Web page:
White House Historian and Author Jennifer Pickens to Keynote 121st Annual Spring Outing at Andrew Jackson's Hermitage

Beloved event returns in person on the grounds of The Hermitage on May 18

NASHVILLE, Tenn. (April 13, 2022) – White House historian and author Jennifer Pickens will serve as the keynote speaker at the 121st annual Spring Outing benefiting the Andrew Jackson Foundation. The event, which will return in person for the first time since 2019, will take place at 11:30 a.m. Wednesday, May 18 on the grounds of The Hermitage.

In “Decades of Presidential Traditions,” Pickens will share stories from more than 60 years of entertaining customs at the iconic address, 1600 Pennsylvania Avenue. She will portray the pomp and pageantry of state dinners, the family-friendly festivities of popular American traditions and more all hosted at the President’s House. Even stories from visits by Her Majesty Queen Elizabeth will be highlighted. Pickens will also reveal how soft diplomacy has played an important role at the White House throughout the decades and share other stories that have humanized our American first families.  

Pickens, a White House historian and First Lady expert, has conducted numerous interviews with members of America’s first families, White House social secretaries, chiefs of staff, presidential aides, White House insiders and Executive Resides staff. Her latest book, Entertaining at the White House: Decades of Presidential Traditions, documents 60 years of entertaining customs at 1600 Pennsylvania Avenue. Its beautifully appointed design offers readers an insider’s invitation into the White House’s greatest events and intimate insight into the planning, innovation and generosity that went into occasions created by first families from the Kennedys to the Trumps. This is her third book in a series.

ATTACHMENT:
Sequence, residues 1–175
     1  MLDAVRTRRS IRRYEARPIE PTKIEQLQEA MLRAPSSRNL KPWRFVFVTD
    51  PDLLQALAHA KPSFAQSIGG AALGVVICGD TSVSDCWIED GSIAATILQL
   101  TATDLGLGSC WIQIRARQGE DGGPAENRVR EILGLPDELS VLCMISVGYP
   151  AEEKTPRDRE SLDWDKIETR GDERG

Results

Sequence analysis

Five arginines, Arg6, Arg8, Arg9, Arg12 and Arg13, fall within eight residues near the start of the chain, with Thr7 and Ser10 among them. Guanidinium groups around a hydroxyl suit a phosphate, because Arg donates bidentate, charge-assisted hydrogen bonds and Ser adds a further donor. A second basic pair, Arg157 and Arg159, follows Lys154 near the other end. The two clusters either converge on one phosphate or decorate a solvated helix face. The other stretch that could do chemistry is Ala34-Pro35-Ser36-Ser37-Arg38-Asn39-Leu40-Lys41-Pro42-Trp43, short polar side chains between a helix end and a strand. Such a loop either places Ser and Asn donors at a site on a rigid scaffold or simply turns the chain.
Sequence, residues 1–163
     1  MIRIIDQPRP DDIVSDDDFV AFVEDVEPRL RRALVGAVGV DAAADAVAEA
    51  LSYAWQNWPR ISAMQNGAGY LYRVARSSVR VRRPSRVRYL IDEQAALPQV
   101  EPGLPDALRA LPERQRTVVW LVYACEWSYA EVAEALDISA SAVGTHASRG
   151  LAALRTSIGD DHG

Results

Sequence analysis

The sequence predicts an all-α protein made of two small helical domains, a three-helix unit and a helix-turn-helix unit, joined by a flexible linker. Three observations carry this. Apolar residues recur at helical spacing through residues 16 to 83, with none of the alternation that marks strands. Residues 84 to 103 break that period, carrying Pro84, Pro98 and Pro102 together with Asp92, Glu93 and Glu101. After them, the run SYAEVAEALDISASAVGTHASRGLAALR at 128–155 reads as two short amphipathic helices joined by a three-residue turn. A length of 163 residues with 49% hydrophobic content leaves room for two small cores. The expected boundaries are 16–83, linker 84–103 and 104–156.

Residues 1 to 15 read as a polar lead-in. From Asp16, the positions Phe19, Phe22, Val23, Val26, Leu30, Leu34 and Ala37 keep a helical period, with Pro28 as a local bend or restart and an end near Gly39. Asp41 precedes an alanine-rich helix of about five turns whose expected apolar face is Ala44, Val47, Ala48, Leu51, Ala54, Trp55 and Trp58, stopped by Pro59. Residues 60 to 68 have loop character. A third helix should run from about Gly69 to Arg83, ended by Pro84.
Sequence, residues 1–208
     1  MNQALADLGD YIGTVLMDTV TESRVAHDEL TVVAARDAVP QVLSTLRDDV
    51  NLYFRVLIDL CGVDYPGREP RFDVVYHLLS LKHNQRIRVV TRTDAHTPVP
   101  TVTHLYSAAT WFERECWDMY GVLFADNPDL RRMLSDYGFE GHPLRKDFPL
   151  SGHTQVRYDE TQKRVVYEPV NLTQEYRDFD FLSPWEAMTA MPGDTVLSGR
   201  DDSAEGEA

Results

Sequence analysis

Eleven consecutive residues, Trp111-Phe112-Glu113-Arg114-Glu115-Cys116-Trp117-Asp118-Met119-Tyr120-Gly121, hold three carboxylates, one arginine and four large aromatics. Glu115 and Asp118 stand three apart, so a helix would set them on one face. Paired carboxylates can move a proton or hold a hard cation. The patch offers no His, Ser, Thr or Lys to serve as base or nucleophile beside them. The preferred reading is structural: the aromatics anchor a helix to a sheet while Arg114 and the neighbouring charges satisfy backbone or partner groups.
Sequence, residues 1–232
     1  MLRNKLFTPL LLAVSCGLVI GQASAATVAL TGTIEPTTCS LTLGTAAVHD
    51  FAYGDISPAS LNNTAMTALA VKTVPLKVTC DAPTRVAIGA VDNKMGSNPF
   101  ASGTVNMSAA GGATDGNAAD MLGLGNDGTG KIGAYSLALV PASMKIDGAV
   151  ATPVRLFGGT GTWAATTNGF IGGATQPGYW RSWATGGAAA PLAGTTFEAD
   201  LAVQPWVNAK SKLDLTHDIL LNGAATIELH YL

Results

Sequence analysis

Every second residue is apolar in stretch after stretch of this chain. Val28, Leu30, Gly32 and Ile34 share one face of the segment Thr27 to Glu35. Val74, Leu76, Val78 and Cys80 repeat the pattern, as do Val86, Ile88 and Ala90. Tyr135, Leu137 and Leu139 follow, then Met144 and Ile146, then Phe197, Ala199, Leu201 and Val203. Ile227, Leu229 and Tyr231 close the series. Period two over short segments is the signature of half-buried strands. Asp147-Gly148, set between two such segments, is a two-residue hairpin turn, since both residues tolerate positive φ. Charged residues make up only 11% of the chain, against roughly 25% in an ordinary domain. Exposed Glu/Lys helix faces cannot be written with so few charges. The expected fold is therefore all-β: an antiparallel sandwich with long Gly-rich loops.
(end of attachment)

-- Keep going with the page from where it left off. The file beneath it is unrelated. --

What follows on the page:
“I am thrilled to be the keynote speaker at this year’s Spring Outing. It will be an honor to be at the home of our 7th president, surrounded by the deep history that has helped shape America and share some of my favorite stories and traditions at the White House,” Pickens said. “I am looking forward to May 18 and to meeting the many supporters of the Andrew Jackson Foundation.” 

Spring Outing is a century-old Nashville tradition that began in the early days of the Ladies’ Hermitage Association as a picnic on the mansion’s lawn. Since then, the event has evolved into a major fundraiser held to benefit The Andrew Jackson Foundation’s many education programs and preservation projects. It regularly features nationally known speakers who present on a variety of topics, including politics and history.

Past speakers include such notables as former First Lady Laura Bush, NPR’s Mara Liasson, longtime White House correspondent Ann Compton, former Tennessee First Lady Crissy Haslam, former New Jersey Governor Christine Todd Whitman and Clifton Truman Daniel, the eldest grandson of President Harry S. Truman.

“The Andrew Jackson Foundation is proud to be able to host this beloved annual event on our grounds once again, after a two-year hiatus because of the pandemic. To do so with Ms. Pickens is truly an honor,” said Howard J. Kittell, president and CEO of the Andrew Jackson Foundation. “Jennifer’s expertise is sought after by national TV and radio programs, advisory boards and civic organizations. We are excited to hear from her and to welcome back our friends to this event once again.”

Spring Outing is co-chaired by Jane Corcoran and Sarah Ann Ezzell. Tickets start at $150 and are available at thehermitage.com/springouting.

For more information on Andrew Jackson’s Hermitage, visit www.thehermitage.com

About Andrew Jackson’s Hermitage

Andrew Jackson’s Hermitage: Home of the People’s President is one of the largest, most well-preserved and most visited presidential homes in the United States. Opened to the public in 1889, The Hermitage is one of America’s first presidential museums. Today, The Hermitage is a 1,120-acre National Historic Landmark with more than 20 historic buildings, including Jackson’s mansion and tomb, restored slave cabins, a church and gardens. In recent years, new interpretive initiatives and educational programs such as the history of slavery have enhanced the experience of more than 230,000 annual visitors. For more information, visit www.thehermitage.com.